The media continues to sound the alarm over the phenomenon of kids “sexting,” using their cell phones to share nude photos of themselves. CosmoGirl shocked the nation by releasing a survey claiming that 1 in 5 teenagers has sent someone a nude or semi-nude photo. What the sensationalized news stories don’t bother to explain is that the huge majority of these photos were sent only to a boyfriend or girlfriend. (Whether that person kept the photo private is another story.)
Journalists also fail to emphasize a more startling phenomenon: Although nearly all teens could be photographing themselves in sexy poses and sending those photos to friends, fully 80% of them choose not to.
Nor do they mention that teenagers are more chaste than their adult counterparts; over 1/3 of young adults have sent such texts of themselves. Think about your own youth and the kids you knew. Wouldn’t our generation have made the same mistakes if we had access to the same technology? Unfortunately for today’s teens, the consequences of sexually frivolous behavior are much stronger today than they were a generation ago.
In the past, episodes of “You show me yours and I’ll show you mine” were treated as childish blunders and the children protected, as much as possible, from further embarrassment. But when the show-and-tell involves electronic media, authorities go into cyber-cop mode and charge teenage girls with “child pornography” for pictures the girls made of themselves. The girls in the pictures are often expelled from school or extracurricular activities, and risk ending up on sex offender registries. In other words, the laws meant to protect young people are now being turned against them.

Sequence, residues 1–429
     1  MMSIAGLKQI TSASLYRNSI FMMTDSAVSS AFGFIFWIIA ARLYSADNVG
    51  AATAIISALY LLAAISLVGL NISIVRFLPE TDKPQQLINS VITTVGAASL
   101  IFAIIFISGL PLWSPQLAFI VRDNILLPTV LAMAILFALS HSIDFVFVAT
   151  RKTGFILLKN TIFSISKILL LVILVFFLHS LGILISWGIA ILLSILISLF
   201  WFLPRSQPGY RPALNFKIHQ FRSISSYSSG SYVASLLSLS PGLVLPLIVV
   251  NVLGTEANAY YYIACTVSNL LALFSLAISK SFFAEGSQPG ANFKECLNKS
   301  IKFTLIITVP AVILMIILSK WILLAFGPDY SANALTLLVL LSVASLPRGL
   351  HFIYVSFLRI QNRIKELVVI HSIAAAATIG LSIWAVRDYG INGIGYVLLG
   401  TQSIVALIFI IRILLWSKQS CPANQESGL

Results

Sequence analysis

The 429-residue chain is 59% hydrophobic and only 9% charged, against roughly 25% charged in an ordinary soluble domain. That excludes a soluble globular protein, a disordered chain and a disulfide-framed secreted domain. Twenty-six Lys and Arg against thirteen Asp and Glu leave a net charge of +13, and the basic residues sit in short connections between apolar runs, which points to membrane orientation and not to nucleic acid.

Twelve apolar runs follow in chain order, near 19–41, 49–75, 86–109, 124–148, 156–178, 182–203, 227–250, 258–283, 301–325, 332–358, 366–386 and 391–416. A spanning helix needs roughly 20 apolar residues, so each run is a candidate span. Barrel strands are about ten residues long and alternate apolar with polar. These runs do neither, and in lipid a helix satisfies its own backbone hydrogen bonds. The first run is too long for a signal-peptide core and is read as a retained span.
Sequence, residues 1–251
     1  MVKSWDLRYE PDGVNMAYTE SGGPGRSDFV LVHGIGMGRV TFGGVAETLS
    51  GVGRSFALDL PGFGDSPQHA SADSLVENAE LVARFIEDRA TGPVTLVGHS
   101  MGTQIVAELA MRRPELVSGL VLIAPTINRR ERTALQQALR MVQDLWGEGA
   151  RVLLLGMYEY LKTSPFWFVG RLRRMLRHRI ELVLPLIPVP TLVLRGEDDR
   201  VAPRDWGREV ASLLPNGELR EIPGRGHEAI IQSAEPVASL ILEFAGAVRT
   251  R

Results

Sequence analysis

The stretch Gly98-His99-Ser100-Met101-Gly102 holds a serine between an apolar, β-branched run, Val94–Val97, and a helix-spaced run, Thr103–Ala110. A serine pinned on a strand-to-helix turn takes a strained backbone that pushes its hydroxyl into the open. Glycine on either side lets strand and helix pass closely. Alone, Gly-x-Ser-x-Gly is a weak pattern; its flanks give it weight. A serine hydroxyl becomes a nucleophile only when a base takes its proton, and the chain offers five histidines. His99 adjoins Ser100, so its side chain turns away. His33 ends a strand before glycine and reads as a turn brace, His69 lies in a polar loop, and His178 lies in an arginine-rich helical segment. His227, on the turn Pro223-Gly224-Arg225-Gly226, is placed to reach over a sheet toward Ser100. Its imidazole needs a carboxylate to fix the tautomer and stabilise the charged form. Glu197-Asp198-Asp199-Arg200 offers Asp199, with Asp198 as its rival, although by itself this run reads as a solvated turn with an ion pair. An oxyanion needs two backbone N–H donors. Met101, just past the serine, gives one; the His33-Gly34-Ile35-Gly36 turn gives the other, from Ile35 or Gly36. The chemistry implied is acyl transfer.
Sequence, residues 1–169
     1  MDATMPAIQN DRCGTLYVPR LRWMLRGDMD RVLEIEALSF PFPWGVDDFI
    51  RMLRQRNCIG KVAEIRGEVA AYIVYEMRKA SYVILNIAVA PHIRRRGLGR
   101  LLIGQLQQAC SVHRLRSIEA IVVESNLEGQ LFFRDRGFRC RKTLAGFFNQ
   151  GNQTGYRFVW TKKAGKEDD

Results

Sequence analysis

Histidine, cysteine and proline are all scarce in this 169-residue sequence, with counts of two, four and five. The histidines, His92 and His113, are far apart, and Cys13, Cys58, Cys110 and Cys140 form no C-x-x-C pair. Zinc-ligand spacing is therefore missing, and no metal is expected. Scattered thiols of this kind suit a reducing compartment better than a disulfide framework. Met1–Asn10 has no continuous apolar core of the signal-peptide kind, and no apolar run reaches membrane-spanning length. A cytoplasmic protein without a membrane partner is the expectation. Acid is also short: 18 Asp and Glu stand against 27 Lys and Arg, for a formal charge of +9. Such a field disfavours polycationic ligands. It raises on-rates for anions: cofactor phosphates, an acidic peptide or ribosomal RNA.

In Pennsylvania, three 14- and 15-year-old girls were charged with manufacturing and disseminating child pornography. Three 16- and 17-year-old boys were charged with possession. Police Captain George Saranko told the Associated Press the charges were filed to send a strong message to other minors. Is this really about protecting kids, or is it about punishing them for being sexual?
The implications are enormous. If kids can now be criminalized for taking pictures, pedophiles and child pornographers have an easy out. By having the child push the button, the pedophile makes the child an accomplice in the crime. Now such creeps can rightly tell children “You could go to jail if anyone finds out about these pictures.”
Kids do need protection from real child pornographers. They may also need protection from their own poor decisions. Verizon Wireless is beginning to get on board with the idea, providing usage controls that allow parents to limit to text messaging during school hours and at night, and block certain numbers. Smaller companies like Firefly go further, allowing parents to set up a phone that will only communicate with designated numbers. Cell phones without cameras are also available, though they often lack other essential features. Concerned parents can also opt to block texting from the child’s cell phone altogether.
All in all, sexting is probably among the lesser dangers teenagers face today. With very real specters like sexually transmitted diseases and drug addiction lurking in every high school, some teens perceive sexting as a safe way to experiment with sex, risk, and bodily autonomy. After all, nobody ever got pregnant or contracted HIV over the telephone.